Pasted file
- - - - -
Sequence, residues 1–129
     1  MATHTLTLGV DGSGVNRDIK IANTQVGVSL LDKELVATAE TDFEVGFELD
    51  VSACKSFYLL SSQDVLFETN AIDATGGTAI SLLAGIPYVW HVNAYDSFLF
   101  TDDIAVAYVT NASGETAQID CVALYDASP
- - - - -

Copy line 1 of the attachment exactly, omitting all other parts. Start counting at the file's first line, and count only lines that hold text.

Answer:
Sequence, residues 1–129